My reading in the Bible’s Psalms this morning contained passages in which the writer described our lives as smoke, and, whether rich or poor, our years as a breath. Believer and atheist alike can accept this as ancient wisdom, an exercise in perspective.
Our experience sets us in the middle of things, as if we were the sun, events and thoughts orbiting like planets. And maybe it’s true. Maybe we are all sun-like, which feels wonderful until, of course, we realize how many suns are in the universe. There are by some estimates a hundred billion stars, which is roughly the same number of people who have ever lived on earth. Suddenly, we see that we are not the center, and that we are no more than dots, with life spans no longer than blinks.
Buddha and Christ and nature agree—the ego must be dethroned. There must be something larger by which our individual desires can be trumped. Something like a north star from which to gain orientation, perhaps even guidance. A natural law? An overriding principle of physics or philosophy? The sheer vastness of Time and Space? Love?
Something must regulate the balance between, say, expression and restraint. Why do we not wantonly pursue every last desire and lust, large or small, as children do? Why would we not choose to do whatever the hell we want every time? It doesn’t help to say “because we are moral people.” The “where does morality come from” question immediately raises its head, and while my Christian faith informs my belief about that, it’s not something I know empirically. Maybe it’s survival and evolution, after all. Maybe it’s just socialization, morality nothing more than an elaborate system of big sticks and carrots, forcing us to adhere to the conventions of the day, yielding our desires to others with more power.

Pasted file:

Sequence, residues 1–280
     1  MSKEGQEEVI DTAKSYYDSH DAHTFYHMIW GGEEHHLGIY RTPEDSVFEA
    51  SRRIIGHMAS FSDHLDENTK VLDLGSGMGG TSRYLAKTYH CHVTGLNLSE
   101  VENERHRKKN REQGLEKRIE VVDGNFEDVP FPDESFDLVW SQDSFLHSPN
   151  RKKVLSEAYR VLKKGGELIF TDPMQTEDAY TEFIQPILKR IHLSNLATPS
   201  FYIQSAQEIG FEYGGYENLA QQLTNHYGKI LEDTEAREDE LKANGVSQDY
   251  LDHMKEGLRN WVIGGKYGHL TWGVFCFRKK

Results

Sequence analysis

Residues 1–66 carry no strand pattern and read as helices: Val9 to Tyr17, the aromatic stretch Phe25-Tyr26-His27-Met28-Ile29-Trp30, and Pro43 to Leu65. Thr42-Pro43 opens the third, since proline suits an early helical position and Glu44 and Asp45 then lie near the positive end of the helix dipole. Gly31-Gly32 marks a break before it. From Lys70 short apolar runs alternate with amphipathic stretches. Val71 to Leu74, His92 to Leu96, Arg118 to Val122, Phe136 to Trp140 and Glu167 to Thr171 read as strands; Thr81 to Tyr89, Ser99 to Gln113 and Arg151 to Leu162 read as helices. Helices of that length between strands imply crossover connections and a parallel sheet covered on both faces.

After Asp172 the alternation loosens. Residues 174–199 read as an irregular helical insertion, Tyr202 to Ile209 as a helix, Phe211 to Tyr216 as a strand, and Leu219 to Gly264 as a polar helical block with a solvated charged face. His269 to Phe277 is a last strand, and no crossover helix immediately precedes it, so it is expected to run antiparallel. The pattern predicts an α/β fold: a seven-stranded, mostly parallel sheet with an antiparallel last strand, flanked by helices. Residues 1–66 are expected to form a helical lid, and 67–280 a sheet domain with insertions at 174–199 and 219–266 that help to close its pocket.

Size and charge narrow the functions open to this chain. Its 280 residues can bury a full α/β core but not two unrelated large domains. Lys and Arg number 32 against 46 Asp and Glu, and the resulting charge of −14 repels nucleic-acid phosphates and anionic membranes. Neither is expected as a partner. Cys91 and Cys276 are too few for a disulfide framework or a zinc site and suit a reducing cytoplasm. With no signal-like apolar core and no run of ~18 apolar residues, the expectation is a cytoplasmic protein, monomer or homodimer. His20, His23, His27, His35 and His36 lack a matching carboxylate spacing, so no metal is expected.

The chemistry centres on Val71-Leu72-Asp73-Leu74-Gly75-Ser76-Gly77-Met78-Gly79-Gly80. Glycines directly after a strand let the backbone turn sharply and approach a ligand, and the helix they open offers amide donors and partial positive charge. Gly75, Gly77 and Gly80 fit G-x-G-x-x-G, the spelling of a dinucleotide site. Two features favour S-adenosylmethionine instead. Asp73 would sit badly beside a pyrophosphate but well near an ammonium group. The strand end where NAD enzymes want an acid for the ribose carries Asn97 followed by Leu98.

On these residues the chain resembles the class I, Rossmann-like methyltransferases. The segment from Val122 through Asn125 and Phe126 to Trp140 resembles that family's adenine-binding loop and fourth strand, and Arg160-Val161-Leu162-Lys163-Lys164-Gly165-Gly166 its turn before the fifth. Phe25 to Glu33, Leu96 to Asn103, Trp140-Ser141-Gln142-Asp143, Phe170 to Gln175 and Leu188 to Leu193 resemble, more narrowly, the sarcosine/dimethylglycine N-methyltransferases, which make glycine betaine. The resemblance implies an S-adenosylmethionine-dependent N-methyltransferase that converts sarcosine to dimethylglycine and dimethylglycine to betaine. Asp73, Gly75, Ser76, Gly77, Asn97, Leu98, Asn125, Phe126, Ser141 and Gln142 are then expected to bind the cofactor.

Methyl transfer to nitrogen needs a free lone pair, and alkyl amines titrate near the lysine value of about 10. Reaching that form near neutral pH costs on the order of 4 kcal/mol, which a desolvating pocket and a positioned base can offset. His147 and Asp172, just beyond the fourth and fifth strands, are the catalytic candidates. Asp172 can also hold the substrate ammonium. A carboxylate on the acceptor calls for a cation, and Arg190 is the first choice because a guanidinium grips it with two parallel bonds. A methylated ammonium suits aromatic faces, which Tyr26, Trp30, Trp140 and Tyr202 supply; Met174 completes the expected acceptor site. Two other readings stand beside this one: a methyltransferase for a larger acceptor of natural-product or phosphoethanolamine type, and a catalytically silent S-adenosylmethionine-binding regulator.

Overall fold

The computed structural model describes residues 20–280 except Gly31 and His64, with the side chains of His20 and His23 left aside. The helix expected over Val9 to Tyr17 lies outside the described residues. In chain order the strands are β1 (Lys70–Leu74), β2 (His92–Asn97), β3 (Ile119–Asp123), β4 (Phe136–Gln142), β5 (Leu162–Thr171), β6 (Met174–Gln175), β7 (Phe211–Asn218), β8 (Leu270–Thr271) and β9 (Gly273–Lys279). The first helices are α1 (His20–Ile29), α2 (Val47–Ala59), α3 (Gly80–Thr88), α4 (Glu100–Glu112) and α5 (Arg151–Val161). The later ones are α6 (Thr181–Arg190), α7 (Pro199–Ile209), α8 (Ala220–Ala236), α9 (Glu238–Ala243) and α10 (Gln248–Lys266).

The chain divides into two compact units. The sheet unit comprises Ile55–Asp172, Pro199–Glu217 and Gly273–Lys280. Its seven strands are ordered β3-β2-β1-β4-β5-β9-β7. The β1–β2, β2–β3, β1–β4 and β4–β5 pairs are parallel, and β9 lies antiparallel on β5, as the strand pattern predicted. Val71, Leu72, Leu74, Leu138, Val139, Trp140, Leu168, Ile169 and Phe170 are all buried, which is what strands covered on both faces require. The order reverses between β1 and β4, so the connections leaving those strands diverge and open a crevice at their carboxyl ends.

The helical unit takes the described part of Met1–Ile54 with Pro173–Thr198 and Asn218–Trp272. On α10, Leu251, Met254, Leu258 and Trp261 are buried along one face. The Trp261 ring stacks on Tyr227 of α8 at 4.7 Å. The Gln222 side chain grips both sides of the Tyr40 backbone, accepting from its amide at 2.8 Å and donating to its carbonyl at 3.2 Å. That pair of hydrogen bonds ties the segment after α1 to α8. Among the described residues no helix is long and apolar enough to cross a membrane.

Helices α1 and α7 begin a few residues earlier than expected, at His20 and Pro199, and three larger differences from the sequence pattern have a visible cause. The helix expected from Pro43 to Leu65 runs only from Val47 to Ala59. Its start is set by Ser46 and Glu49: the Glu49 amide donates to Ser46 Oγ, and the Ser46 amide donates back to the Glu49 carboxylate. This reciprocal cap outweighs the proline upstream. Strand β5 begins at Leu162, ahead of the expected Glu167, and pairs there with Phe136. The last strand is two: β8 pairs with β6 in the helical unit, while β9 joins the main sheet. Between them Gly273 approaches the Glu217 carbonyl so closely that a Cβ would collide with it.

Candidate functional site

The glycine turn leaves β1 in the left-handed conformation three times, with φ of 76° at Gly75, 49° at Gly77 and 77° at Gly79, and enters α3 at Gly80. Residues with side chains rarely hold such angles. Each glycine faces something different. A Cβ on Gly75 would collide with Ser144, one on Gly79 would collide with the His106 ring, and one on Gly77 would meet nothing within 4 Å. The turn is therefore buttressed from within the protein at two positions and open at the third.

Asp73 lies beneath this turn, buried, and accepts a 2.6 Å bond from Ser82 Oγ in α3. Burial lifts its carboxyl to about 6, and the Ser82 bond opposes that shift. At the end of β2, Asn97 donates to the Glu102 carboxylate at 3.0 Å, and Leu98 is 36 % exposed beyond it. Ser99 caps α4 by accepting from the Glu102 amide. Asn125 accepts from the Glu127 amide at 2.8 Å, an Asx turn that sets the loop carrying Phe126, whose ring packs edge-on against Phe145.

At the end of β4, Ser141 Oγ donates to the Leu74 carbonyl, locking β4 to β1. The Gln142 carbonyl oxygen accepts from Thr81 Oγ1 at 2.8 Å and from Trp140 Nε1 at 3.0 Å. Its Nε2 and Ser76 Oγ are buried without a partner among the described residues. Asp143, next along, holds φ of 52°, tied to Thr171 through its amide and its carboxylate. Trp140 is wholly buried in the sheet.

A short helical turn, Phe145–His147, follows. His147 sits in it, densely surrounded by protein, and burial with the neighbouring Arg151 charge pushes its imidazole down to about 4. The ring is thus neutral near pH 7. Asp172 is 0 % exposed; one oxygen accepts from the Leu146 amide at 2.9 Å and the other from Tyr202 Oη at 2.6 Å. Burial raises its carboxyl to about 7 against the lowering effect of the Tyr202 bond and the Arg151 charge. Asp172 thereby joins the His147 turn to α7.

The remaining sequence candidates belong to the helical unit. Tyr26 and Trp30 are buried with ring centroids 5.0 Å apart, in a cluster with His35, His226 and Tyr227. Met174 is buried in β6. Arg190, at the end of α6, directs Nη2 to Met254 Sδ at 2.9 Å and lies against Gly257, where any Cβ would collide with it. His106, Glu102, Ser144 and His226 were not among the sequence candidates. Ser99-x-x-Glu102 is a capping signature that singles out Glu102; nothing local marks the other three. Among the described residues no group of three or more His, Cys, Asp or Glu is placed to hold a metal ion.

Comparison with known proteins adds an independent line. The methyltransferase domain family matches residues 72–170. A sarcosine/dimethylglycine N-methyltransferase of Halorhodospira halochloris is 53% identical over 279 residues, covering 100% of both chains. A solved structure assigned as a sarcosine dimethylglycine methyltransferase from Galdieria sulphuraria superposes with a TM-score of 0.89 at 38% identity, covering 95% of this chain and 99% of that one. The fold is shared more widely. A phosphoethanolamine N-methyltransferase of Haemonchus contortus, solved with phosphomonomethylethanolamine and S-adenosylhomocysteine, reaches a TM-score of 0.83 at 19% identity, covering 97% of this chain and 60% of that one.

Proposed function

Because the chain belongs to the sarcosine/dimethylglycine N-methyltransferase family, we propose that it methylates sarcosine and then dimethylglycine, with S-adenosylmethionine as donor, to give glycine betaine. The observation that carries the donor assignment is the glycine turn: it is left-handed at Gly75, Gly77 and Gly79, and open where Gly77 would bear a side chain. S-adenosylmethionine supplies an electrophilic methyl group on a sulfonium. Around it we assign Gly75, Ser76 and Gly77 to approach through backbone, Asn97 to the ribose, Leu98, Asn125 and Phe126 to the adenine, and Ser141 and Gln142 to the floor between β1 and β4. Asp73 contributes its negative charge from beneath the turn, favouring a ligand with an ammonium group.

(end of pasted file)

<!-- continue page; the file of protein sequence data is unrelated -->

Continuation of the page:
Is anything larger than society and culture? The iterations of civilization come and go. There was a time when Egypt’s Pharaohs ruled a new empire, when China’s 21st Century B.C Xia Dynasty was modern, and when the Goths felt the rush of power as they tore down the Roman Empire. America is not forever, and who knows what maps will look like in two hundred years? What fashions will charm? What music will thrill?
The human experience will move on.
The point is not to now begin to argue for God. We of faith swiftly make that move, but I easily admit that our knowledge of God is built on faith, historical witness, and personal experience dictated by meanings we assign to that experience. In other words, we seem to have no scientific proof this God exists, though in our records of historical witness, there is compelling evidence to make it more reasonable than it is often portrayed in media.
What’s important to me in this little exercise of reflecting on what I know is this: There must be something larger than us, something which is beyond our capacity to grasp. Maybe I’m merely stating the obvious—we plainly take up little space. How we interact with the larger something is perhaps anybody’s guess, but for me this thought—that there must be something larger—orients me, helps me accept my place in creation.
I am not the thing. Plainly. I am not the larger thing.
Here’s something I suspect, but I wouldn’t claim to know it.
It’s true for me, though.
Don’t we all yearn for the Larger Thing? Don’t we long know it? Experience it? Don’t we long to soar past ourselves? Do we not seek purposes beyond our personal whims? Do we not join causes and movements, campaigns to right great wrongs, to usher in new eras of justice, to create new expressions of human compassion?
A hundred billion stars. A hundred billion people who have lived.
There must be something larger than us.